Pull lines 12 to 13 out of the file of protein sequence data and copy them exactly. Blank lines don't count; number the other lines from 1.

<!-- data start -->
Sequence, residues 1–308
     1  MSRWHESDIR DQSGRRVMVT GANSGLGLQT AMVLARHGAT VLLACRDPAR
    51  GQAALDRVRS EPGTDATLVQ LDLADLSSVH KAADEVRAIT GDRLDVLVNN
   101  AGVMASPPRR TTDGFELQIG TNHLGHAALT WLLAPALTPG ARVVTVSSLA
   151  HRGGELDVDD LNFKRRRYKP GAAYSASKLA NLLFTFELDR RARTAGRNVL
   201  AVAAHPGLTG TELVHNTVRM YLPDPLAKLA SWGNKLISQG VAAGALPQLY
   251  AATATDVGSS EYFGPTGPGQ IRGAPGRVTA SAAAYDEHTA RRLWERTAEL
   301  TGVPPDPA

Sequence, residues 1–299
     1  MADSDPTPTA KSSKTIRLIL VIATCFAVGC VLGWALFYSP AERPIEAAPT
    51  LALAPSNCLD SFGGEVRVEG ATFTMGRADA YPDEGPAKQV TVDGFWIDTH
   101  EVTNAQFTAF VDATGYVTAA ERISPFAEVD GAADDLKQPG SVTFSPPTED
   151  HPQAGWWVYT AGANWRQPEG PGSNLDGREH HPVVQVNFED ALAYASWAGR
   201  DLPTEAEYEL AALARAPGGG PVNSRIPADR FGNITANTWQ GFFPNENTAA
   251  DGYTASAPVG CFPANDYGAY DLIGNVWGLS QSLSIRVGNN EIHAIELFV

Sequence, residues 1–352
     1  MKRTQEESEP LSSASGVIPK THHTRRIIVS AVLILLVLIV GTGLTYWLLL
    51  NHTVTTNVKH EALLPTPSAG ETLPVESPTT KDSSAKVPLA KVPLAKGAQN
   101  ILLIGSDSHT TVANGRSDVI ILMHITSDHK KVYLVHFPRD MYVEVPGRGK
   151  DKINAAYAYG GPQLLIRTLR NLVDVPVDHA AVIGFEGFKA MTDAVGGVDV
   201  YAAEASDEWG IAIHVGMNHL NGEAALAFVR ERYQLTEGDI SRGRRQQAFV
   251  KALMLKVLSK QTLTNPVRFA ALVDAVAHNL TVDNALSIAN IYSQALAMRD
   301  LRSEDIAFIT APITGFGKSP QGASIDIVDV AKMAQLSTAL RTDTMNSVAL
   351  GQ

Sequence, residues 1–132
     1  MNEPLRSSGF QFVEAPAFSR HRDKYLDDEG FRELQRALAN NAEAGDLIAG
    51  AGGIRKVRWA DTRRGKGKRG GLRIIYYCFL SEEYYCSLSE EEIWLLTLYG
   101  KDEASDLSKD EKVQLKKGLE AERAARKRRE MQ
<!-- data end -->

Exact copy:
   101  EVTNAQFTAF VDATGYVTAA ERISPFAEVD GAADDLKQPG SVTFSPPTED
   151  HPQAGWWVYT AGANWRQPEG PGSNLDGREH HPVVQVNFED ALAYASWAGR